Murdering The Youth

Is there any way to prevent a killer?

Who Am I?

I am Amelia Ramirez. 18 years old in the Kansas City area. I got to F.L Schlagle High School and I am a senior. I chose my topic because it is something very personal to me and a topic I wanted to learn more about. My cousin's case is a big reason for picking this topic. My personal experience was my cousin be found guilty of murder at a very young age. He was 10, and me and him had grown up together. It was a big surprise to the family and motivated me to start this project.

How does this affect you?

"Is there any way to prevent a killer?" is an open question to all viewers. This question may affect you because you may have had someone in your family, and or someone close to you that went through these events. Such as being around a killer, or murder, and not knowing. So is there any way to prevent a killer? Is there any way to detect a killer, and or be able to treat someone a different way and change their path for that.

What do I hope to gain?

From researching this question, I hope to gain the knowledge and understanding of those who I don't understand. I hope to understand the different mind of someone else and view the way they think and why they do the things that they do. I also wish to gain knowledge on the subject.

Thinking Process

As to finding the answer to my essential question I have researched kids with a history of murders and or violent crimes. Regarding my question I must start as young as I can. I read that, "Research suggests that children who commit this act fall into one of three categories: the severely mentally ill child; the dangerously antisocial child; and – by far the most common, in over 90% of cases according to one study – the severely abused child who is pushed beyond his or her limits."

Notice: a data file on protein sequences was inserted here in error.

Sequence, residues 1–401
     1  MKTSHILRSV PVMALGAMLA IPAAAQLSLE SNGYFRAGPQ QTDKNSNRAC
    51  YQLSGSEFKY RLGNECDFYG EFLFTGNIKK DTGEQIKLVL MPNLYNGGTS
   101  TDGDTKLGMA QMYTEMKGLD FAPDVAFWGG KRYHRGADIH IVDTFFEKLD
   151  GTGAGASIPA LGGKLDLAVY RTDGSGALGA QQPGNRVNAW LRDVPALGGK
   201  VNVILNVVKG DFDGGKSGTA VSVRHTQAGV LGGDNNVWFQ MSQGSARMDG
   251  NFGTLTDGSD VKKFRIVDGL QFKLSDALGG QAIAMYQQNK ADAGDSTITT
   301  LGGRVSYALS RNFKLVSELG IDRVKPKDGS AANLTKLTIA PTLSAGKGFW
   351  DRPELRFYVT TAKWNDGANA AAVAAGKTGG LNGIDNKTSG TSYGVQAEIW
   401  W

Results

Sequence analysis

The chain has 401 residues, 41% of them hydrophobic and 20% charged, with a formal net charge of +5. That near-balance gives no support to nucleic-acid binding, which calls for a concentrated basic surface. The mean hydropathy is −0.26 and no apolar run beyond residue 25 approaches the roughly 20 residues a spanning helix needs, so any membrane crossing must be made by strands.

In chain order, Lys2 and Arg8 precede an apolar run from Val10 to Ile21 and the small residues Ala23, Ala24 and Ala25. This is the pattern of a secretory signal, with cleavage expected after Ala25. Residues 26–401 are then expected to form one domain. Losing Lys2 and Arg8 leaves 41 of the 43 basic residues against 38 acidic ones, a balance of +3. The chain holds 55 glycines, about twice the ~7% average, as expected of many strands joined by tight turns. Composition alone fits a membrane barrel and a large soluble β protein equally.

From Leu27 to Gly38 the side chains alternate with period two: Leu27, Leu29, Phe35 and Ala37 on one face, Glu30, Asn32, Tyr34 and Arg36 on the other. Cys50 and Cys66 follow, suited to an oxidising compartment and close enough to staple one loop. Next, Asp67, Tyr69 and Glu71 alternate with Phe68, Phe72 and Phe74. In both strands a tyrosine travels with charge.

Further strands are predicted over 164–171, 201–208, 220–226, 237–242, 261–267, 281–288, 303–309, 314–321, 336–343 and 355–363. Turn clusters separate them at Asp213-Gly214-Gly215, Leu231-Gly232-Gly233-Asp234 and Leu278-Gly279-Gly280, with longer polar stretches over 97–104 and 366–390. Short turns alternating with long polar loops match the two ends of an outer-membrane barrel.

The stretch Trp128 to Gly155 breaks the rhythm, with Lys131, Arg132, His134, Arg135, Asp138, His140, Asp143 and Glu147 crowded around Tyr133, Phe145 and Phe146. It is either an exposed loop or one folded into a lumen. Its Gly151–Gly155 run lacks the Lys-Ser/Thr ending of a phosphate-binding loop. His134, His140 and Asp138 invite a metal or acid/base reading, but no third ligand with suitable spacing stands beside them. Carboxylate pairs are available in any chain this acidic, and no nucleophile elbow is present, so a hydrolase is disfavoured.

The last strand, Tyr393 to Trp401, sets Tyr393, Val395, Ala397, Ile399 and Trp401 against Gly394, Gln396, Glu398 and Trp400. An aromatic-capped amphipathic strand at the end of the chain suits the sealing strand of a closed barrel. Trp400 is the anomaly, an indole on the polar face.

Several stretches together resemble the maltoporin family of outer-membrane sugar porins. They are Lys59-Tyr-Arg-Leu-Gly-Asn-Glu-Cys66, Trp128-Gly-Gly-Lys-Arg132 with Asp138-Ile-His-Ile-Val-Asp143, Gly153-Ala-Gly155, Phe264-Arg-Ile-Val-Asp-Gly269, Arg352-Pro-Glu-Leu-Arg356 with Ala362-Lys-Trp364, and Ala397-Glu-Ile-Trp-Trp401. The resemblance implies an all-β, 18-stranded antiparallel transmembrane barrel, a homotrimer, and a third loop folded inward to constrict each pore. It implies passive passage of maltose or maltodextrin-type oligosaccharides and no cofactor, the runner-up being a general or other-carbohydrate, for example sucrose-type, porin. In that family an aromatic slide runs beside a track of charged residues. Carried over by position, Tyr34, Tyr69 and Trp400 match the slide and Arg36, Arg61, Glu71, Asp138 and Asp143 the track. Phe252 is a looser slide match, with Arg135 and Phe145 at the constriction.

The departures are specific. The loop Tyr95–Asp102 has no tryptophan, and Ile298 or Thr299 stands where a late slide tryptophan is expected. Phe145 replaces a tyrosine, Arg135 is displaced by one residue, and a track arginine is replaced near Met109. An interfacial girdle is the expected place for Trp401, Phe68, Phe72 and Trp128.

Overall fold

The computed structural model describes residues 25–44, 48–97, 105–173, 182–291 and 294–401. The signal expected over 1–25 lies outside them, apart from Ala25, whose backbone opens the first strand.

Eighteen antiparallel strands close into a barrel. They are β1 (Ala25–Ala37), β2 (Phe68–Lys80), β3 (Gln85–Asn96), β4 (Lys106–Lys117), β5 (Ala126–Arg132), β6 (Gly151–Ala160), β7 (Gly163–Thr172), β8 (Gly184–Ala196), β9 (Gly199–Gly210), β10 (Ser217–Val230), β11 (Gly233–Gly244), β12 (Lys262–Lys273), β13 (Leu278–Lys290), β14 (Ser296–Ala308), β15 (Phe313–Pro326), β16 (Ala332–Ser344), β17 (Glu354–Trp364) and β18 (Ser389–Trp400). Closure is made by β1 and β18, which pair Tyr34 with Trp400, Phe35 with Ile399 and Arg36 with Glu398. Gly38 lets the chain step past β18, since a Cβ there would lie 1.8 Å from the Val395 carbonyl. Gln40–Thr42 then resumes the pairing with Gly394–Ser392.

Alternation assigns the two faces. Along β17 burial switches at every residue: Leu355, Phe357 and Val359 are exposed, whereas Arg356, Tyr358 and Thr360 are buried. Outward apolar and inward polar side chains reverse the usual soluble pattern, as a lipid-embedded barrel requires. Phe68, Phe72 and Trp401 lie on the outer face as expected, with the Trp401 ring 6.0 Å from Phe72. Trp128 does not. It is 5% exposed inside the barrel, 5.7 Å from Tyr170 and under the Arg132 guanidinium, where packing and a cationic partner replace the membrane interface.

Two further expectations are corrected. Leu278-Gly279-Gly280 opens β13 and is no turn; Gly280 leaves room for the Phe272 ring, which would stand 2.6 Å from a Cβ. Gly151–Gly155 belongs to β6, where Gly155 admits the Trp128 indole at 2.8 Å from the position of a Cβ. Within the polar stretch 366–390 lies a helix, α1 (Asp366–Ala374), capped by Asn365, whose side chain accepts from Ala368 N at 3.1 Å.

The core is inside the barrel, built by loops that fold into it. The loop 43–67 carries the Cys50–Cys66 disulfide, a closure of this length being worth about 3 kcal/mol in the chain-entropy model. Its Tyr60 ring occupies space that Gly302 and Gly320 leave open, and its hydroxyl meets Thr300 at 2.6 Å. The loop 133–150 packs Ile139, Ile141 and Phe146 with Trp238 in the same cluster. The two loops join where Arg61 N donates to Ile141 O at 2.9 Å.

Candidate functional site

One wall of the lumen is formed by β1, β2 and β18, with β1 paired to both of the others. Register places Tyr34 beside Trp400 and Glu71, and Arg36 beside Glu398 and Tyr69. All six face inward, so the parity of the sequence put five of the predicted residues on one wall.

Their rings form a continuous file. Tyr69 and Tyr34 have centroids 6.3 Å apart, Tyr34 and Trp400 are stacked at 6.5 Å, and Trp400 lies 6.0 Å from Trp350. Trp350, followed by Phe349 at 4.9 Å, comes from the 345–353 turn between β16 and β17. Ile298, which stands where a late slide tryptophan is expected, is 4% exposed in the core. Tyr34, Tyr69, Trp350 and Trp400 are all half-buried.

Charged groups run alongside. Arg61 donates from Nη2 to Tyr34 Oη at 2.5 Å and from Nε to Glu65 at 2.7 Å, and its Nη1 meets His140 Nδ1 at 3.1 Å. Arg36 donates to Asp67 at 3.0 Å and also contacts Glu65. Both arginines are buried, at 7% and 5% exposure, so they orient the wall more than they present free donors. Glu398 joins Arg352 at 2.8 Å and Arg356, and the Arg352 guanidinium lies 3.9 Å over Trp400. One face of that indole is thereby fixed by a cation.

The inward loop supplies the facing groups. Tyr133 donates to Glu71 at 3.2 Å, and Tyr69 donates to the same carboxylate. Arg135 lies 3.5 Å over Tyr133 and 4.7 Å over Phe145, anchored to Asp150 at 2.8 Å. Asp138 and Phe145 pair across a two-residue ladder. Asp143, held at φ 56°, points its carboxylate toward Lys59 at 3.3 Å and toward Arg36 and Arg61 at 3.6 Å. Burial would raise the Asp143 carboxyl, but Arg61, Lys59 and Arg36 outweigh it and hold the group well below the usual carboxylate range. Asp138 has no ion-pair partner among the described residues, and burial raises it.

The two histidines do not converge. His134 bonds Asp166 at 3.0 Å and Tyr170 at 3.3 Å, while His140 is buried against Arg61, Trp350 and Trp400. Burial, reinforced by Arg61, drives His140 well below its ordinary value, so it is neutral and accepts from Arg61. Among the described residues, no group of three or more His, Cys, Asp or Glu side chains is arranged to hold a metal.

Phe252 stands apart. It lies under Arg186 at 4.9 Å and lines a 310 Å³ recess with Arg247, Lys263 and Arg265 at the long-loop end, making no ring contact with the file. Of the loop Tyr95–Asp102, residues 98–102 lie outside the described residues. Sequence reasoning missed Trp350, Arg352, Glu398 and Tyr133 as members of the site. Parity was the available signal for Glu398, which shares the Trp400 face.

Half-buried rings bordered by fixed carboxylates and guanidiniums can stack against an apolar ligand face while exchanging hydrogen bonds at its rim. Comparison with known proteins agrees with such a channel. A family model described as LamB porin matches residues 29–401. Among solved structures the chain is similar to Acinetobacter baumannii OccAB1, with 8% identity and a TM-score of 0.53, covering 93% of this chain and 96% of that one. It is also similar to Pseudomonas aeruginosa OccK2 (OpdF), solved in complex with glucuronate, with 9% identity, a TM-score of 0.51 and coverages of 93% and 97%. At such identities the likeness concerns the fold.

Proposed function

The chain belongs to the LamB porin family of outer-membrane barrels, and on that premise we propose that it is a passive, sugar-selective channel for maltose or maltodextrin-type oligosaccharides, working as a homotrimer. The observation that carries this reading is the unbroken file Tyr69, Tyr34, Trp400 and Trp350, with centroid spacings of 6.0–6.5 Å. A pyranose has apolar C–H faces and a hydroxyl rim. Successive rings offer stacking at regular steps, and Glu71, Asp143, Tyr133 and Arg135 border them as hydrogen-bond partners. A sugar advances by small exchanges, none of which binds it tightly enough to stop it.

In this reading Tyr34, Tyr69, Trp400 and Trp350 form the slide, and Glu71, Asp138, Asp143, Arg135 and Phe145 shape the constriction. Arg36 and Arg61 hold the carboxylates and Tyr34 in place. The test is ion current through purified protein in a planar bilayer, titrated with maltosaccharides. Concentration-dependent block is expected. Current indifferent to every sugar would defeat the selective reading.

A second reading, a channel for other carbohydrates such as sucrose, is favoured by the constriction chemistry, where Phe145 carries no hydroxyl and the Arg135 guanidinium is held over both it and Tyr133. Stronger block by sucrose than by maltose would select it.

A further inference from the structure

Physical Abuse: 28.3%

Sexual Abuse: 20.7%

Emotional Abuse: 10.6%

Physical Neglect: 9.9%

Emotional Neglect: 14.8%

Every year more than 3 million reports of child abuse are made in the United States involving more than 6 million children (a report can include multiple children).

My Process

While doing my research, I started off by looking up children (preferably under the age of 10) who has committed violent crimes and/or had been tried guilty. I then began looking up the cases of murders and their past's. I discovered that most of the murderers had a past similar to one and another. Abusive households and/or raised around drug abuse.

Famous Fictional Murderers

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Famous Children Murderers

The World's Youngest Murderers

Top 5 Crazy Teen Murders

Top 5 Crazy Teen Murderers

Top 5 Sickest Cannibals

Top 5 Sickest Cannibals

What Do I Plan Next?

To finish my research and answer my essential question I will look into research of what children have said or what their parents have said about these cases. The reaction is often as important as the action. Their statements say a lot about what they really think about the behavior their children have done.

March 1989

In Pennsylvania, nine-year-old Cameron Kocher fatally shot a seven-year-old playmate with a high-powered hunting rifle. After shooting the victim he told the other playmate, “If you don’t think about it, you won’t be sad.” He was placed on probation until he turned 21.

Children do not develop a sense of remorse until they are five or six.

Links For Reconiation on Mental Illness

Is There Any Way To Justify A Murder?

Questions recieved

  • How do you feel about him being your cousin? I don't view him any different. I feel sad as if we should have paid more attention to him of him growing up.
  • Does it still affect you today? It does still affect me because I think of what if the situation never happened where would he be. I get sad because I realize one mistake can affect your life forever.

What's Next?

This experience opened this pathway because I enjoyed researching the topic and want to continue to learn more about this through first hand experiences. I believe that if you impact a child’s life at an early age they could grow up and follow a much brighter path than they would have without your help. Preventing a killer starts with child counseling, love, and respect. That is something I will enjoy doing. The significance of my project was big. It taught me something bigger with every research step I went through. To answer my research question, yes you can prevent a killer. Preventing a killer is going to involve child counseling, love, and respect. That is the start to something much bigger.